In conjunction with last week’s Annual National Retail Federation (NRF) Conference held in New York, retail sales figures were released for the previous November-December 2014 holiday sales period. With the price of gasoline plummeting in the last two months of 2014, there were a lot of pent-up expectations that holiday retail sales would exceed the NRF’s original forecast of a 4.1 percent increase in 2014. The actual NRF figures came in at $616.1 billion, a 4 percent increase which shook Wall Street investor confidence for about a day before economists and forecasters eased speculation that consumers held back spending more than expected. According to NRF, the November-December sales data marked the first time since 2011 that sales has reached this level.
A separate ShopperTrak report, which tracks primarily brick and mortar sales at malls and retail outlets reported growth of holiday sales at 4.6 percent, higher than that firm’s initial forecast of a 3.8 percent increase and representing the largest increase since 2005.
From a supply chain lens, 4 percent retail sales growth was very good, given the challenges of retail inventory either arriving earlier or far later than expected because of the backlogged slowdown conditions among U.S. west coast ports. Online and brick and mortar focused retailers were influenced to run product promotions earlier rather than later, with some retailers kicking off holiday promotions in October. Other reports indicate that retailers were conservative on their overall holiday inventory investments, not wanting to end-up with overly excessive unsold inventory by the end of December. Considering another short holiday shopping interval between the Thanksgiving and Christmas holidays, coupled with all the logistical challenges that occurred, B2C supply chain teams deserve a pat on the back.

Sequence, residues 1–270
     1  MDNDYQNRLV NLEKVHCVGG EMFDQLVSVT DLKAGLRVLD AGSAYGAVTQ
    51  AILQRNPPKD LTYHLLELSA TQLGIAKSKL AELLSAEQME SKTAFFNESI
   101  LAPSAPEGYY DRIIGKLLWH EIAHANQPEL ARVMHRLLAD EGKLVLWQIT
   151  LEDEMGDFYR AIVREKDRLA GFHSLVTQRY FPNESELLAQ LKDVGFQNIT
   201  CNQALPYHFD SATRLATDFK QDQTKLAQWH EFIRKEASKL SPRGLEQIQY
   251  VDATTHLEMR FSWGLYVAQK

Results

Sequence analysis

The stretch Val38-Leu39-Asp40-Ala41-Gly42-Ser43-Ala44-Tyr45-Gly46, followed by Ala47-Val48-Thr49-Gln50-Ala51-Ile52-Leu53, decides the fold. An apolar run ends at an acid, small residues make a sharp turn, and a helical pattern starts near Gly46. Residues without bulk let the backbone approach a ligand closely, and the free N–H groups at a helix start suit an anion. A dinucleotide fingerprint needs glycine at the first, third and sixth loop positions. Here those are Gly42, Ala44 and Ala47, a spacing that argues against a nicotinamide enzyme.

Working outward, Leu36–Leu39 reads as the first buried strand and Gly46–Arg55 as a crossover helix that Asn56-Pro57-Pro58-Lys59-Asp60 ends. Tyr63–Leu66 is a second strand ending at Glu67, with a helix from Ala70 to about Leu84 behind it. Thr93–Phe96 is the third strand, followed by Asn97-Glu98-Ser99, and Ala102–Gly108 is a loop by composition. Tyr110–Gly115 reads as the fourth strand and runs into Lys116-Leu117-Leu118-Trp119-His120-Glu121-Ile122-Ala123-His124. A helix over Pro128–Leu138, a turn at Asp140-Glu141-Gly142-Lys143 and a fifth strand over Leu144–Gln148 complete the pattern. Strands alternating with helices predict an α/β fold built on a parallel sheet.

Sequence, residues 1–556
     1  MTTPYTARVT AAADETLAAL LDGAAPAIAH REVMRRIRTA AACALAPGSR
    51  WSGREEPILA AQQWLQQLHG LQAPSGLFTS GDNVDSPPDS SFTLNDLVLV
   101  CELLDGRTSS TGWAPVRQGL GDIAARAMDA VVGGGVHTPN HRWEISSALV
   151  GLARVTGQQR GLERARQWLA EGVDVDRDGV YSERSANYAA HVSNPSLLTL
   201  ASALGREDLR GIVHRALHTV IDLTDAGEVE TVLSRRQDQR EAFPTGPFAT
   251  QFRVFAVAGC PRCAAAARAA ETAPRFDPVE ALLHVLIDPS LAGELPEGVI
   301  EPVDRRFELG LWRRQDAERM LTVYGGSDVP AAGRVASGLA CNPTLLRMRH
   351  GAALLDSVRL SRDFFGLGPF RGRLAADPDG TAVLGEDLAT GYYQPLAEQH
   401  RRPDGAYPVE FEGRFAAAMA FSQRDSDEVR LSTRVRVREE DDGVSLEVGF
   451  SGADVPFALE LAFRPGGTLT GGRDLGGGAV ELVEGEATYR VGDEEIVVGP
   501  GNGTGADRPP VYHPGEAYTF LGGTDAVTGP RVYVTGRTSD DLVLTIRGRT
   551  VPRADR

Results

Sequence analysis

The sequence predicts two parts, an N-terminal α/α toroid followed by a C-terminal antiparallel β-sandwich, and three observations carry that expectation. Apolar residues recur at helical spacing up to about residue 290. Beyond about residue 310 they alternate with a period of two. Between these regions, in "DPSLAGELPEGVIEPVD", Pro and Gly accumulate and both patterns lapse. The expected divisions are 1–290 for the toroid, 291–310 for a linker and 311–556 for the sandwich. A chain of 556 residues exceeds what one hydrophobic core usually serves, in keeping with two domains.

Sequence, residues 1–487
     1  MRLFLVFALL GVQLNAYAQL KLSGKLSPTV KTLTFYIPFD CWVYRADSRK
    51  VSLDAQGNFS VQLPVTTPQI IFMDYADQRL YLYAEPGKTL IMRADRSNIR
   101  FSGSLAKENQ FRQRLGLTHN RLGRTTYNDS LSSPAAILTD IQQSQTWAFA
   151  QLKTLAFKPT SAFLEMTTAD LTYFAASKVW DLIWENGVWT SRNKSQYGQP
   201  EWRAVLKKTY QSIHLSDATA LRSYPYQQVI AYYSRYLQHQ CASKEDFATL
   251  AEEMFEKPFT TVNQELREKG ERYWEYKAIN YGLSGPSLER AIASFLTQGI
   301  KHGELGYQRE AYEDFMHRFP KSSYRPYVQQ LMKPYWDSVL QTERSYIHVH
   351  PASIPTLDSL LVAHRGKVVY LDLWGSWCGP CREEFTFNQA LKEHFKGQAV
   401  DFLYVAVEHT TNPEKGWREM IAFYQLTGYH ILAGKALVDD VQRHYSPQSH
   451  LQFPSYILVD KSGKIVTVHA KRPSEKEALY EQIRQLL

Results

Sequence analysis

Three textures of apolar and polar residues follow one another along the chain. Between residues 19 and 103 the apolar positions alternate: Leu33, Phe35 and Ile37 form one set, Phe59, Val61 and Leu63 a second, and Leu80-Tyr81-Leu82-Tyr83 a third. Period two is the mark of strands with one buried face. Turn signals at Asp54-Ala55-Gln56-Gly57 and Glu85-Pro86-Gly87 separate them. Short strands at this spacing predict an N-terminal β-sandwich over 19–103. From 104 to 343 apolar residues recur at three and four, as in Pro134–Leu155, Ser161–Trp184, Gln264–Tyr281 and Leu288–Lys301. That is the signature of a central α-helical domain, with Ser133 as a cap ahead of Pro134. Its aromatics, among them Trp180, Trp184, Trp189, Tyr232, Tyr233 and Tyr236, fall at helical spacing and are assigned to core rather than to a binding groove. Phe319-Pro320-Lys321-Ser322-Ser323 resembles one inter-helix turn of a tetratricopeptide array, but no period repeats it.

Of course, the real benchmark comes in the coming weeks when retailers begin to formally report their financial performance spanning the critical holiday period. The question is whether logistical challenges led to higher unexpected costs and lower margins.
Obviously, the most sensitive metric affecting global supply chain planning and budgeting activity is the cost of energy. The economics related to the cost of energy drive global product sourcing, transportation and forecasts of retail sales spending on consumer goods. What about all of the fuel surcharges currently tacked on existing transportation rates?
The most significant question for supply chain leaders, planners and sales and operations planning forums in 2015 is how long will the extraordinary lower cost of oil last? Will it be the rest of 2015? How will it impact product demand and product margins?
Beyond retail and online B2C supply chain product demand planning, assumptions on the cost of energy are going to be fundamental aspects of this year’s business plans.